PACIFIC PALISADES, Calif. -- Erik Compton knew he had to do something soon. After all, he’d been home so long he was starting to get on his wife's nerves.
"(She said) why don't you go somewhere, you're annoying me," Compton said, chuckling at the memory. "The last couple years I've played overseas in Dubai, and I was just kind of sitting home eating popcorn watching everybody play well, so I figured I needed to get something going.
"It is a long shot. Monday qualifying is very, very difficult, especially on the West Coast, so I wasn't quite sure whether it was worth coming out. But in the end it worked out great, I'm here, and just try to take advantage of the good week."
Compton shot 66 in the Monday qualifying at the Eisenhower course at Industry Hills Golf Club to earn his spot. He'll be playing in the Northern Trust Open for the first time in his career, as a result.
"It was like a TOUR event," Compton said. "Obviously you had 71 players that have Nationwide or PGA TOUR status. But in the end it's always still a number. Whether you're playing against Tiger Woods or Phil Mickelson or whoever, it's always going to be 66, 65, 64, so it doesn't matter who.
"You've just got to shoot a number, so it doesn't really matter."
Many people know Compton's compelling story. He's already had two heart transplants –- the second after he nearly died and was calling his family to say his goodbyes before the procedure. He continues to pursue his dream of playing on the PGA TOUR, and it’s hardly a pipe dream, either.
Steve Stricker, who will defend his title at the Northern Trust Open this week, played a practice round with Compton on Monday and came away impressed.
“I find it amazing that he's able to even play the game from what he's gone through over the course of his life,” Stricker said. “He's got a great attitude, first of all. I think that's what makes him so special is that he's got a great attitude about it. You know, he doesn't know. He doesn't know what's going to happen. I said, how long can the heart that you have in, I mean, is there a prognosis for how long it's going to last, or do you get put on a list now for if something were to happen?
“He just takes it day by day he says and goes with it, and he feels great. … I think a great attitude helps with the whole thing.”
Compton contended through three rounds at The Greenbrier Classic last year, shooting a 63 in the first round but derailing his chances with a 77 in the final. He also reached the final stage of q-school last year and has status on the Nationwide Tour for 2011.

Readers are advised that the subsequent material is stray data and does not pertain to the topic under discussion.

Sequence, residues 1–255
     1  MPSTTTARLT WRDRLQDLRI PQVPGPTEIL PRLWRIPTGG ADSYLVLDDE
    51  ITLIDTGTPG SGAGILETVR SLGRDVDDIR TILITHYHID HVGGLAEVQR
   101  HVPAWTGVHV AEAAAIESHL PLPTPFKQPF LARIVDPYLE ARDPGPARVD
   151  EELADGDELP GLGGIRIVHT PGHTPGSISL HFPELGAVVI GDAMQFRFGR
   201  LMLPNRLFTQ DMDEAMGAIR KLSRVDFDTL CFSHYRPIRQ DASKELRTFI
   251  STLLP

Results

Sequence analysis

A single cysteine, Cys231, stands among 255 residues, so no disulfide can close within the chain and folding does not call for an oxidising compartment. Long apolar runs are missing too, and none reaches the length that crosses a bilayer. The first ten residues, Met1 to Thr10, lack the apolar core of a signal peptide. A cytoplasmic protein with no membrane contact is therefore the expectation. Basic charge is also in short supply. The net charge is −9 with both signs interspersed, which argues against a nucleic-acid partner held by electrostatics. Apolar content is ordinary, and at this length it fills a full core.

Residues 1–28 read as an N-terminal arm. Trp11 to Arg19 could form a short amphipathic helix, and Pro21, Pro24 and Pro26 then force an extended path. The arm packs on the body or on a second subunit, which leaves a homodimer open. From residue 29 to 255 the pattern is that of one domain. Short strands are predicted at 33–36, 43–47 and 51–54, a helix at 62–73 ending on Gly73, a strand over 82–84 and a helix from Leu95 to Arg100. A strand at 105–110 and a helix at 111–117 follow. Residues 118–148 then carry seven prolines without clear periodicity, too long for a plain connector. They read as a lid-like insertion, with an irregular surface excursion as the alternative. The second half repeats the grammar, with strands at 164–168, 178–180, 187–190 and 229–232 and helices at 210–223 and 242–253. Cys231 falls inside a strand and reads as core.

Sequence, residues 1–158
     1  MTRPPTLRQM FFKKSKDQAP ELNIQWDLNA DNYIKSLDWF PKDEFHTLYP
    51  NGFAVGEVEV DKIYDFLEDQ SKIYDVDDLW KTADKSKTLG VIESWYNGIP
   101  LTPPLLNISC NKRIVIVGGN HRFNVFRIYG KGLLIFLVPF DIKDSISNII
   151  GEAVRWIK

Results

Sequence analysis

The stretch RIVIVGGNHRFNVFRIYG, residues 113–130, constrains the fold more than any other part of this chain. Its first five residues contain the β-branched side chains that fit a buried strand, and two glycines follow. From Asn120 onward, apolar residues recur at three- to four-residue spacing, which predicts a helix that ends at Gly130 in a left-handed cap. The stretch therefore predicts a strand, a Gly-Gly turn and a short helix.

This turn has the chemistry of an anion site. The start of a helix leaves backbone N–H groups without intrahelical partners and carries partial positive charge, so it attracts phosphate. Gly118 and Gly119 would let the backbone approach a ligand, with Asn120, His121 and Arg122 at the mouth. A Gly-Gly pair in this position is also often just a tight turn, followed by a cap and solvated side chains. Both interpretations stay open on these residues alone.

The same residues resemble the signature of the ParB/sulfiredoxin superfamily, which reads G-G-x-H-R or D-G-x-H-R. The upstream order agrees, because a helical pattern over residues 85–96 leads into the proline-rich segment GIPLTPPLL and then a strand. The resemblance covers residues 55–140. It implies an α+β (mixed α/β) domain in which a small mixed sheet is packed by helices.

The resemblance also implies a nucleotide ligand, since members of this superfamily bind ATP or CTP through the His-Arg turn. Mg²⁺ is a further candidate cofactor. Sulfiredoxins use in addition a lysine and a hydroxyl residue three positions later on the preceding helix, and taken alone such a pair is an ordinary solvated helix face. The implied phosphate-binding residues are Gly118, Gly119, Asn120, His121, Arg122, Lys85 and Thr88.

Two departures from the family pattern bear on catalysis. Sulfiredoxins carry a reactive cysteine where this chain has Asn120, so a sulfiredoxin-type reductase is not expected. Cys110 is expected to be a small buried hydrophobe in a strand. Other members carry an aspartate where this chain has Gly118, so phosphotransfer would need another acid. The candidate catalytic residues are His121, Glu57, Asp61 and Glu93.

To prepare for the season, which begins next week in Panama, Compton has been working hard on weight-training with a trainer. He said he gained 10 pounds and about 10 mph on his clubhead speed, accelerating more like he did in his early 20s.
"I think last year was a really good year for me, even though on paper I didn't play well on the weekends," said Compton, who made the cut in five of his seven TOUR events. "... It was a little discouraging when I went to finals because I was hoping to get a TOUR card. The weather was obviously cold, and it was a long golf course and just didn't pan out for me. But you know, when you're at home and the first part of the season you see Hawaii and you see all the guys playing, you kind of get itching to go out and play. I'm either working on the boat or doing something other than golf.
"You've got to be patient. I know it's a long year, and I know there will be opportunities through Monday qualifying, and whether I get into a tournament and then also I have to focus on trying to see (What happens on) the Nationwide Tour. But you can't really plan too far ahead because you've got to take each tournament something great might happen this week or on a PGA (TOUR) event, and then maybe you have status out here." – Helen Ross
Eric Compton, who held a share of the overnight lead, continues to hang tough at The Greenbrier on Friday.
He started on the back this afternoon and birdied two of his first three holes before giving a shot back at the par-4 13th when he missed the green and later a 16-footer for par. Seven pars followed but Compton has just made a 5-footer for birdie that moved him to 9 under for the tournament and into a tie for third.
A two-time heart transplant recipient, Compton has attracted considerable media attention this week. He was featured on ESPN’s SportsCenter this morning and recently was a subject of an HBO “Real Sports” segment.
Compton, who is playing on a sponsor’s exemption, has no status on any tour right now. A win would give him a two-year exemption on the PGA TOUR – not to mention, a $1.09 million paycheck. -- Helen Ross
Scott Piercy now has some company at the top of the leaderboard on a sun-kissed day when players are once again going low.
Piercy hit his approach well right at the 11th hole and was unable to save par. So now he’s tied with Richard S. Johnson, Boo Weekley, Briny Baird and Eric Compton at 7 under.
Weekley, who just two-putted from 21 feet at the par-5 17th, and Baird both started on the back nine. Baird has played six holes and made birdie on four of them.
Johnson got to 7 under with a 10-footer at the ninth hole, his third birdie of the day. Compton, on the other hand, won’t tee off until 2:30 p.m. – Helen Ross
Erik Compton's round didn't exactly start auspiciously.
A bit of mud on the ball at the second hole produced a bogey and a three-putt from 43 feet at the next accounted for another. But Compton made nine birdies over his next 15 holes to seize a one-stroke clubhouse lead.